[Haifux] some additions and eratta to today's lecture
shacharr at gmail.com
Tue Mar 15 12:00:02 MSK 2011
"Hijacking" the thread to a more general HD discussion.
Since there was an interest in SSD (flash) drives, here is a benchmark
of normal hard-drives and flash drives:
2 points which are easy to see in the graph, and were raised in the
* In normal (mechanical) hard drives, the first bytes are read much
faster than the last bytes.
* In SSDs the read speed is *mostly* the same everywhere (though it
depends on the controller's behavior and the workload history of the
On Tue, Mar 15, 2011 at 3:52 AM, guy keren <choo at actcom.co.il> wrote:
> someone reminded me about the "small trail through the linux kernel"
> link i mentioned. it is:
> note that it is from 2001 and relates to kernel 2.4 (or even older) -
> but the general has not completely changed.
> you can find a more up-to-date info about this in the book "the linux
> kernel, 3rd edition" - in the VFS chapter.
> On Tue, 2011-03-15 at 01:35 +0200, guy keren wrote:
> > 1. etzion asked about controlling the age of dirty pages before pdflush
> > flushes them - the default value is 30 seconds, and can be seen by:
> > cat /proc/sys/vm/dirty_expire_centisecs
> > (the time there is in milli-seconds). it can be changed by echoing
> > the desired time into that file, e.g. to change it to 40 seconds:
> > echo 40 > /proc/sys/vm/dirty_expire_centisecs
> > this parameter (and some other pdflush-related parameters) is described
> > in the link i mentioned during the meeting today - that talks about
> > configuring pdflush for write-intensive workloads:
> > http://www.westnet.com/~gsmith/content/linux-pdflush.htm
> > 2. if you read the above link - you'll see that in case there are too
> > many dirty pages - the writing to disk is done directly by processes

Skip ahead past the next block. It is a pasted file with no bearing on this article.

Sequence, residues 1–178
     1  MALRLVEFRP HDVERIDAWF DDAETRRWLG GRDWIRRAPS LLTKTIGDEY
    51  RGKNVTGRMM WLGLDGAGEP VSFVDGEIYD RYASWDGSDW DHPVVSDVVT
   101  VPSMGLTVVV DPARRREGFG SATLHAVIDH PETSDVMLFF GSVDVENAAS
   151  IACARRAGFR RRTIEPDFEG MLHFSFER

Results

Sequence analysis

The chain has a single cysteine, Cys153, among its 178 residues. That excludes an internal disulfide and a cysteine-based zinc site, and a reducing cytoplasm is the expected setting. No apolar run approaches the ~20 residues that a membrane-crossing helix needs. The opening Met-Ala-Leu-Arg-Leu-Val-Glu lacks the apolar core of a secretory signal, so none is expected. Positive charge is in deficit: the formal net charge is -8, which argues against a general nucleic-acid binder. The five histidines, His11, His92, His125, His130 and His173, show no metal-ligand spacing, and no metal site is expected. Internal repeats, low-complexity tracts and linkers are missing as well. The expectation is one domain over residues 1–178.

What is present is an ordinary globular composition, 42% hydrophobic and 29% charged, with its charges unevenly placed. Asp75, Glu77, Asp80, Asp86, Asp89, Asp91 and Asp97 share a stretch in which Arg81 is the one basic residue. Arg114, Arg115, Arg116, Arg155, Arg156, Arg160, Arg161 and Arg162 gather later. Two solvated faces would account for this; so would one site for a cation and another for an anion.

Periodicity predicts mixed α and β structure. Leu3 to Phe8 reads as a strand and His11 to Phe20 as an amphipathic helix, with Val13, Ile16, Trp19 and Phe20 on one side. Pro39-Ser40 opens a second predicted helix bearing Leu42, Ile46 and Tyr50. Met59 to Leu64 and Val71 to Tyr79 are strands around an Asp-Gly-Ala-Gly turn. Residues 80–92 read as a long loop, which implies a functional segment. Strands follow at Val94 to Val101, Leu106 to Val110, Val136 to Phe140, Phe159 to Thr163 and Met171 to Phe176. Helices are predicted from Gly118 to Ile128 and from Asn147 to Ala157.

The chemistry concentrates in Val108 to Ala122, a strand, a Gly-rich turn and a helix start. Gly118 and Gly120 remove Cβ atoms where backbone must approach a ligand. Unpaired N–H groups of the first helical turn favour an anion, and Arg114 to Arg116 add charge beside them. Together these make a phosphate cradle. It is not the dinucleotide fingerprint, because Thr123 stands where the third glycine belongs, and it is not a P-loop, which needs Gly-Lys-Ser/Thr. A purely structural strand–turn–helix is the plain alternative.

> > calling the write() system call (if you'll check the stack trace -
> > you'll see these processes waiting for the page transfer to complete).
> > this is done to serve as a flow-control mechanism, that slows down the
> > processes that fill up the dirty cache.
> > 3. regarding whether the write system call copied the data directly into
> > the page-cache, or into a temporary buffer - it indeed copies the data
> > directly into the page-cache. the generic write() system call passes
> > control to the file-system's code - and this eventually allocates the
> > pages, then maps the page with the user-data into the kernel's address
> > space, and copy the data into the page-cache's page. note: i checked
> > this for the ext3 file-system in kernel 2.6.18 - but the code it uses
> > resides in generic kernel code - so i think other file-systems will
> > behave the same.
> > 4. regarding the output of iostat -x:
> > the 'wrqm/s' (write requests merged per-second) field, shows the
> > number of write requests that were merged into existing requests by the
> > elevator. i.e. if 3 requests were merged together, '2' will be added to
> > this counter (the first of these requests was not merged. the other two
> > were merged into the first). this, at least according to the code of
> > kernel 2.6.18
> > if i forgot some question, or you have a question about what we covered
> > today - please shout!
> > --guy
> > _______________________________________________
> > Haifux mailing list
> > Haifux at haifux.org
> > http://hamakor.org.il/cgi-bin/mailman/listinfo/haifux
> Haifux mailing list
> Haifux at haifux.org
More information about the Haifux